Tunisian troops fired tear gas and warning shots on Tuesday to stop fighting between local residents and refugees at a camp on the border with Libya.
The U.N. refugee agency withdrew its staff from the camp because of the unrest, said spokeswoman Sybella Wilkes in Geneva and spokesman Firas Kayal in Tunisia.
At one point, an angry crowd of about 100 Tunisians fighting with the refugees at the Choucha refugee camp in Ras Ajdir used iron bars and clubs to attack a car carrying journalists covering the unrest. Ahmed Bahadou, a freelance video journalist on assignment for The Associated Press, said the attackers tried to pull him and the Tunisian driver from the vehicle.
The journalists, including American freelance photographer Gaia Anderson and French radio producer Marine Olivesi, eventually sped away, but not before equipment such as a satellite telephone was stolen, Bahadou said in an interview.
No casualties were immediately reported at the camp of 3,500 refugees on Tuesday, but violence earlier this week has killed people.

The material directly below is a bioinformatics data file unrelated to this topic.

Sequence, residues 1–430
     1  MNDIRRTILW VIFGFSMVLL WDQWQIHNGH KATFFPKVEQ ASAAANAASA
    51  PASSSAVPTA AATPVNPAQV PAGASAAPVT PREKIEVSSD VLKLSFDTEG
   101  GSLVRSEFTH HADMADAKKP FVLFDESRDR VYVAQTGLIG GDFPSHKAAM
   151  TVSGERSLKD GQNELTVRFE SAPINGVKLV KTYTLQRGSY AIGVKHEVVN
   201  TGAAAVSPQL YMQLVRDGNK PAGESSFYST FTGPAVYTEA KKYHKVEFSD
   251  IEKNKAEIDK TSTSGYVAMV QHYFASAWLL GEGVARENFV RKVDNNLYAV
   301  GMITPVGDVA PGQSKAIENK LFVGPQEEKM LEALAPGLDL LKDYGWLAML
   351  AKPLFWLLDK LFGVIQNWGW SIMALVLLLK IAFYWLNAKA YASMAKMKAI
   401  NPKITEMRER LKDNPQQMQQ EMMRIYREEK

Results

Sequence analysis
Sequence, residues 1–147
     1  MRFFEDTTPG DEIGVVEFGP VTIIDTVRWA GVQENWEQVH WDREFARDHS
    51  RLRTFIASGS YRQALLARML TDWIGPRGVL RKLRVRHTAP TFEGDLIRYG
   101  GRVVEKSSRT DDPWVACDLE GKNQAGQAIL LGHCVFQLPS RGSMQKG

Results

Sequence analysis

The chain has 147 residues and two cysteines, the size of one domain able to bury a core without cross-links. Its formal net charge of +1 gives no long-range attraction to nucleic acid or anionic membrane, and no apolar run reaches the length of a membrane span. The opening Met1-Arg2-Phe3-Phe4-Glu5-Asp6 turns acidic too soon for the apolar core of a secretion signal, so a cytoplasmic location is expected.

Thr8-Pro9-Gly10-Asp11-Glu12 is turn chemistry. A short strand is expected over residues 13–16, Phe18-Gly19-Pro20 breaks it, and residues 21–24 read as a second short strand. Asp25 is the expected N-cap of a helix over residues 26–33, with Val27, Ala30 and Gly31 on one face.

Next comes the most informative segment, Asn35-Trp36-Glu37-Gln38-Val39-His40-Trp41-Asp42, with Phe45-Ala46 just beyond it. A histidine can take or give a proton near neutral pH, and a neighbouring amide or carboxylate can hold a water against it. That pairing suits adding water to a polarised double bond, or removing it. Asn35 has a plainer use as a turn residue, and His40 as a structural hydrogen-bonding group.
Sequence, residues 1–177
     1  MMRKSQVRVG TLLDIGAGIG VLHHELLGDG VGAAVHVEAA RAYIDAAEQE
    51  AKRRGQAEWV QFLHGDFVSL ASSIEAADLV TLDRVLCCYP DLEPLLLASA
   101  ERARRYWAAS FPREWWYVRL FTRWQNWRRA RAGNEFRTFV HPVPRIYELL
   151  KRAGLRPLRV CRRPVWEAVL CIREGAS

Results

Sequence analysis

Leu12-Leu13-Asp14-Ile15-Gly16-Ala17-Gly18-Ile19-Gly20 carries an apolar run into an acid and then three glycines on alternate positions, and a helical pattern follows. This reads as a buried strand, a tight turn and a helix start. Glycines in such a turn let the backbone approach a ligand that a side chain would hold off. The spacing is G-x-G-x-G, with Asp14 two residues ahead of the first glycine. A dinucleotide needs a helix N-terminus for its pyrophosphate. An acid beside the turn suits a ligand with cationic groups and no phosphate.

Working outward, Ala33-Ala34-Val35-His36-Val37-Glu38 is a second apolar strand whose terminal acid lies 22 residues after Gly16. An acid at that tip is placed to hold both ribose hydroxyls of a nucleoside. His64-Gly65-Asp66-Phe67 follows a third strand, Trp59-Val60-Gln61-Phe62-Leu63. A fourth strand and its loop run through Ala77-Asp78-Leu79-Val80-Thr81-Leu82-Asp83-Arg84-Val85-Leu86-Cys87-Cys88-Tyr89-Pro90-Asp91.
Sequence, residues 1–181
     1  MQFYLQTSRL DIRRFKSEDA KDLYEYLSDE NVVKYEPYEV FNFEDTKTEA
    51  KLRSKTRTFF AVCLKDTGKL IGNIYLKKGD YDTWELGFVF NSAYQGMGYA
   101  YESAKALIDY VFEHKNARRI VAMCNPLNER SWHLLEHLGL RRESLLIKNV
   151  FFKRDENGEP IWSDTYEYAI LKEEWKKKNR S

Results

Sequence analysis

Wilkes said tensions escalated Sunday when some of the refugees staged a protest because they believed they were going to be sent back to their home countries. Four Eritrean refugees died when a fire spread through the Choucha camp, raising tension among its residents, she said.
In response, UNHCR, the Red Cross Federation and the Emirati Red Crescent withdrew their staff from the camp, fearing for their safety.
On Monday the protesters blocked a highway near the camp, angering locals and sparking clashes during which at least two people died, Wilkes in an interview. That prompted the UNHCR to call in Tunisian authorities to restore order.
"We understand there is a general atmosphere of lawlessness in the camp," Wilkes said. "We are obviously very worried about the refugees."
Refugees blocked the main cross-border highway again on Tuesday, prompting more fighting between refugees and local residents.
Tunisian troops moved in and fired tear gas and warning shots to restore order, a witness said on condition of anonymity for security reasons.
The refugees _ mostly foreigners from Eritrea, Somalia and Ivory Coast who had moved to Libya to work, then fled its unrest _ are frustrated at being kept in the camps so long.
In all, tens of thousands of refugees have fled Libya's fighting to Tunisia, which is struggling to rebuild its economy after a popular uprising forced out its longtime president.
That uprising unleashed a wave of pro-democracy protests now taking place in the Arab world.
Frank Jordans in Paris and Graham Dunbar in Geneva contributed to this report.